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What makes a Good Country?

10 February 2015


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A concern for universal good improves global perception of a country, says Anholt

Morality, the perception of whether a country is good or bad, is the main element that affects a nation's image in the eyes of the world, said Simon Anholt, Professor of International Relations.

Anholt, was speaking at a session titled ‘What makes a Good Country’ at The Government Summit 2015. If leaders of countries care about prosperity, growth, and investment, he said, they can improve their country’s image by being ‘good’ countries. 

Anholt has worked with the Heads of State and Heads of Government, and the civil society and business leaders of more than 50 nations, as well as numerous cities and regions, to develop and implement strategies for enhanced economic, political and cultural engagement with other countries. These strategies are typically in the areas of economic competitiveness, public diplomacy, cultural relations, national identity and reputation, tourism, travel, export promotion, foreign direct investment, educational policy, international events, security and talent attraction. 

A country’s international reputation is not a liquid thing, it is a fixed asset, Anholt said. Most people don’t change their opinions about countries in their entire lifetimes. Unless people are residents of the nation, people judge countries on five factors: morality, aesthetics, relevance, sophistication, and strength. Research shows morality as the main element that affects a nation’s image in the eyes of the world. Talking at length about these factors, Anholt said the physical beauty of a country, its technological and military strength, and socio-economic advancement are some defining factors that help determine the collective reputation of a country. However, millions of taxpayer dollars are spent on advertising and marketing campaigns and this is usually wasted money, as it effects no change in the overall reputation of the country.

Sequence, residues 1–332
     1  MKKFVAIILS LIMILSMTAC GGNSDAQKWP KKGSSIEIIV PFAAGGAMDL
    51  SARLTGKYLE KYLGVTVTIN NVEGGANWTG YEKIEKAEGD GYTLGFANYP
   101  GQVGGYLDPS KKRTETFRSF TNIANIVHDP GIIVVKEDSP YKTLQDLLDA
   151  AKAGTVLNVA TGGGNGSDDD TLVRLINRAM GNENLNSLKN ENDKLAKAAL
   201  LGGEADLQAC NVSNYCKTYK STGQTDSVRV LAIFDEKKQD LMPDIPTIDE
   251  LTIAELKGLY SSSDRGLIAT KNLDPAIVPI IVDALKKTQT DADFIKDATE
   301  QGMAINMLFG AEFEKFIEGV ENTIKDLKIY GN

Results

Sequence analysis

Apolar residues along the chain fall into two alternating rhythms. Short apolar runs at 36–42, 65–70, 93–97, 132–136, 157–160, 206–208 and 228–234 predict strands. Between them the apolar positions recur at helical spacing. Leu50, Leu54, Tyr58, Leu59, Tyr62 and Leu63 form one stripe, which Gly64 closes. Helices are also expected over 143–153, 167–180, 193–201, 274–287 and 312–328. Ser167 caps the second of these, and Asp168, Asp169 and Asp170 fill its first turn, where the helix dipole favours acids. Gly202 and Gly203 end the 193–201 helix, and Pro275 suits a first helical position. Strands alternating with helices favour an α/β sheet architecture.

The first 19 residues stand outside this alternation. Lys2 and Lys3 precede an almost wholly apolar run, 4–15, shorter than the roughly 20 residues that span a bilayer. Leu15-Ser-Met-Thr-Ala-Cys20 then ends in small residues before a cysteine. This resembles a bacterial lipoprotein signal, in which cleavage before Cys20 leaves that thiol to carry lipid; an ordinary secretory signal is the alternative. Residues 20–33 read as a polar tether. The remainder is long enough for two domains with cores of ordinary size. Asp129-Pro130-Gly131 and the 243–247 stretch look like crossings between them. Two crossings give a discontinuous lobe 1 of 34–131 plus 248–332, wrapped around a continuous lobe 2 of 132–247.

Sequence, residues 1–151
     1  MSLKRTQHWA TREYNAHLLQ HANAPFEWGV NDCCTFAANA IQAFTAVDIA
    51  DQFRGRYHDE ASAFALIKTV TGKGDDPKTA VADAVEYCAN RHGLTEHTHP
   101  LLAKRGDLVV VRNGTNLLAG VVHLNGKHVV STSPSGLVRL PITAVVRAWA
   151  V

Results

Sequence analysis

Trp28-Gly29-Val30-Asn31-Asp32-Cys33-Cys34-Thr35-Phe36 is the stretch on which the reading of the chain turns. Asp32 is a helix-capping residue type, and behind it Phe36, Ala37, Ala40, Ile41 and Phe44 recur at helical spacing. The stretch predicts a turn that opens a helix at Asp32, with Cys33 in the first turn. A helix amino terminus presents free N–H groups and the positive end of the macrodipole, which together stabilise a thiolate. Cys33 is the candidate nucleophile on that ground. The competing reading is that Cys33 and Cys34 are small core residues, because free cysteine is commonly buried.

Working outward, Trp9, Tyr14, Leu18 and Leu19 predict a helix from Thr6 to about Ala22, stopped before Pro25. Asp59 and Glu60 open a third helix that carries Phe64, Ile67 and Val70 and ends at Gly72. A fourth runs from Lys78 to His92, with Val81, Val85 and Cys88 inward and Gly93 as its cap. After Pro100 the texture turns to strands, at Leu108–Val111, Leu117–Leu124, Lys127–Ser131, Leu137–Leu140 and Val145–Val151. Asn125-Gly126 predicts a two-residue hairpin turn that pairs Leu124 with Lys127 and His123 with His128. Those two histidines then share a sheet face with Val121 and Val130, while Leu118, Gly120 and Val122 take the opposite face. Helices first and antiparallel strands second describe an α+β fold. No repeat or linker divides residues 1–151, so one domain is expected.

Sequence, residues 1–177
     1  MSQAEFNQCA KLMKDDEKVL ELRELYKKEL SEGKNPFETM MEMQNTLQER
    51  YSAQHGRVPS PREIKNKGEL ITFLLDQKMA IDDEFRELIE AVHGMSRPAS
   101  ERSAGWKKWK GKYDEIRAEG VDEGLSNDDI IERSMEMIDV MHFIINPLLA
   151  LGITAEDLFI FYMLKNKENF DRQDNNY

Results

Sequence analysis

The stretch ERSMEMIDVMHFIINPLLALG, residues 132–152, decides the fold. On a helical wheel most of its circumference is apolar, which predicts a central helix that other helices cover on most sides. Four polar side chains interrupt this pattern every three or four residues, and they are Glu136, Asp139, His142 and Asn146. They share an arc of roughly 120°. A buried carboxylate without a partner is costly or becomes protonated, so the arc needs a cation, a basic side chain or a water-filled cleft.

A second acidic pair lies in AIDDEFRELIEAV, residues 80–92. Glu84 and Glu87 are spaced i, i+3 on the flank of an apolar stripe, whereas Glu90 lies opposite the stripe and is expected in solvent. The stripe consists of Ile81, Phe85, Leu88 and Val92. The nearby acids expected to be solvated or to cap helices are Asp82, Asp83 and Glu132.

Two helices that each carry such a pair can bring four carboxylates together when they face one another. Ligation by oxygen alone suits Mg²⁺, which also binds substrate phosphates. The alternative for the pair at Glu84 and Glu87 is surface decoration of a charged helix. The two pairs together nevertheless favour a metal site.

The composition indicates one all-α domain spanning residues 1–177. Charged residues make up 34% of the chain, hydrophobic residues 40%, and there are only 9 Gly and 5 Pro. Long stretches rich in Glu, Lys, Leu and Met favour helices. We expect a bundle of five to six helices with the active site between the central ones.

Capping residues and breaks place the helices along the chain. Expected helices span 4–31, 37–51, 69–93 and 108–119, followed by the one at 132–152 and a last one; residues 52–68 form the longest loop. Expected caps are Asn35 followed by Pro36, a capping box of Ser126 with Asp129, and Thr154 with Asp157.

Anholt is the founder and creator of the new ‘Good Country Index’, the world’s first study of how much each country on earth contributes to the rest of humanity and to the planet. He said governments have been “competing against each other for decades for better visibility”. Even in the face of gigantic challenges – people killing each other, wars, starvation, human trafficking, melting ice caps, and disappearing forest cover, to name a few – most countries remain inward-looking and work only for the betterment of their own citizens. From the reputation perspective, these countries need to focus a lot of their energies and resources on helping the rest of the world, Anholt said. 

Eight of the top 10 countries in the Good Country Index belong to the European Union. Anholt said the very formation of the European Union is one of the noblest expressions in the history of mankind. “A group of nations have given up their precious sovereignty to build a more secure, prosperous and peaceful society,” he said, which makes EU countries ‘good’ by default. 

His 15 years of research and policy advice have taught him, Anholt said, that if countries want to improve their public image, they should take responsibility for every man, woman, and child on earth, and the environment as a whole: A ‘prosperous’ nation is one that pledges and acts on taking care of ‘society and environment’ and a country that does well on this front is invariably a ‘Good Country’